Friday

10th Jul 2020

National MPs protest EU public prosecutor idea

  • Fraud costs the EU budget at least €500 million annually, says the commission (Photo: snorski)

National parliaments opposed to creating an EU-wide prosecutor want the European Commission to rework its flagship proposal, but EU officials say it is likely to go ahead.

Chambers in 11 national parliaments got enough votes to trigger a so-called “yellow card” procedure when they filed their complaints to Brussels earlier this week.

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They are against the creation of a new European Public Prosecutor’s Office (EPPO), saying that national authorities or existing EU bodies, such as the Olaf anti-fraud agency or the joint judicial office, Eurojust, are sufficient.

The yellow card has only been triggered once before, on posted workers' rights.

It requires the commission to review the proposal and to decide whether to maintain, amend or withdraw it.

It takes at least 18 out of 56 votes in member states' upper and lower houses of parliament, but in the policy areas of freedom, security and justice, just 14 votes are needed.

The EPPO card got 19.

An EU official told this website that: "Formally, the number of votes was reached to trigger the yellow card procedure."

But they added: "It is the commission that decides if there has been a yellow card or not and what would be the consequences."

The EPPO is designed to investigate fraud committed against the EU budget in member states, which is estimated to sap EU funds of at least €500 million annually.

It is said to have broad support in the European Parliament and among EU justice and home affairs ministers.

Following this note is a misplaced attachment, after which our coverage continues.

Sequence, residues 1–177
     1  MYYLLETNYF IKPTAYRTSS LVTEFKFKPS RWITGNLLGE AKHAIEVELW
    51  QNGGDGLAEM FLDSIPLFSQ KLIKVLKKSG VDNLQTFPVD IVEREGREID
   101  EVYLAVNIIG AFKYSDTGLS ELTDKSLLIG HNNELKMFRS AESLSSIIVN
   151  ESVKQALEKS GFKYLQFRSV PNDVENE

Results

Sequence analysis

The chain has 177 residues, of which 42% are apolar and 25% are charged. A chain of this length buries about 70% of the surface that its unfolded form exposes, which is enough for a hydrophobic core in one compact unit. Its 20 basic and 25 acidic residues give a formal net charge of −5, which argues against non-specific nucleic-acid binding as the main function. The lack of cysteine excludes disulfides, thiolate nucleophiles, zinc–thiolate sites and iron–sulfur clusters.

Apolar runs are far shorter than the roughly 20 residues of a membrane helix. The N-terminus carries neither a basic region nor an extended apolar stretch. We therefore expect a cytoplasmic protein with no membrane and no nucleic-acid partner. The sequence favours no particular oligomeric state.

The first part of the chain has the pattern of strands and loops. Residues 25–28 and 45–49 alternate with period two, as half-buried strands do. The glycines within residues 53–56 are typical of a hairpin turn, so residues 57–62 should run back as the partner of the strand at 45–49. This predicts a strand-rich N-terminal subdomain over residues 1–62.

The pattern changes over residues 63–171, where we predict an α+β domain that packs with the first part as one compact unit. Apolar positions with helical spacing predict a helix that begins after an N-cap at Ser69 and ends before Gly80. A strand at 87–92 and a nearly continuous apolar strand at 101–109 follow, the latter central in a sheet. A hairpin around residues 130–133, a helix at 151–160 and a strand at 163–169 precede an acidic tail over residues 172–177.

The German Bundestag, the Polish and Portuguese parliaments, and the Romanian Senate have also written letters of support to the commission.

Despite the yellow card, some EU sources predict that EPPO will sooner or later be launched using the EU's "enhanced co-operation" procedure by nine member states or more.

MPs make their case

For his part, Ard van der Steur, an MP from the liberal VDD party in the Dutch parliament, told this website the yellow card must be respected.

“Any suggestion by the European Commission that there is no yellow card is ridiculous,” he said.

“The yellow card is in place and now it is up to the European Commission to see what they are going to do about it," he added.

Van der Steur, who sits on the security and justice committee, said the VDD is not convinced the proposal will have any impact on EU-related fraud.

He is also concerned it would breach the sovereign rights of member states to prosecute such crimes.

He suggested the EU stops sending money to abusive member states instead.

“The only way in which we will be able to fight against fraud against European subsidies is by stopping to subsidise member states that do not do enough against fraud,” he said.

An MP from the Center Party in Sweden, Johan Linander, noted that Swedish MPs want the EU to expand Eurojust and Olaf instead of creating EPPO.

“It would be better for Olaf and Eurojust to give stronger help [to national authorities], but not to take over prosecuting procedures in the countries,” he said.

EU prosecutor likely to expand powers

A top EU official on Thursday said the future EU-wide public prosecutor may expand into other domains aside from combatting fraud.

EUobserver under attack in wider battle for EU free press

If EU citizens want to know the truth, then journalists need protection from malicious litigation, as EUobserver joined the list of targets, over an article about the late Maltese journalist Daphne Caruana Galizia.

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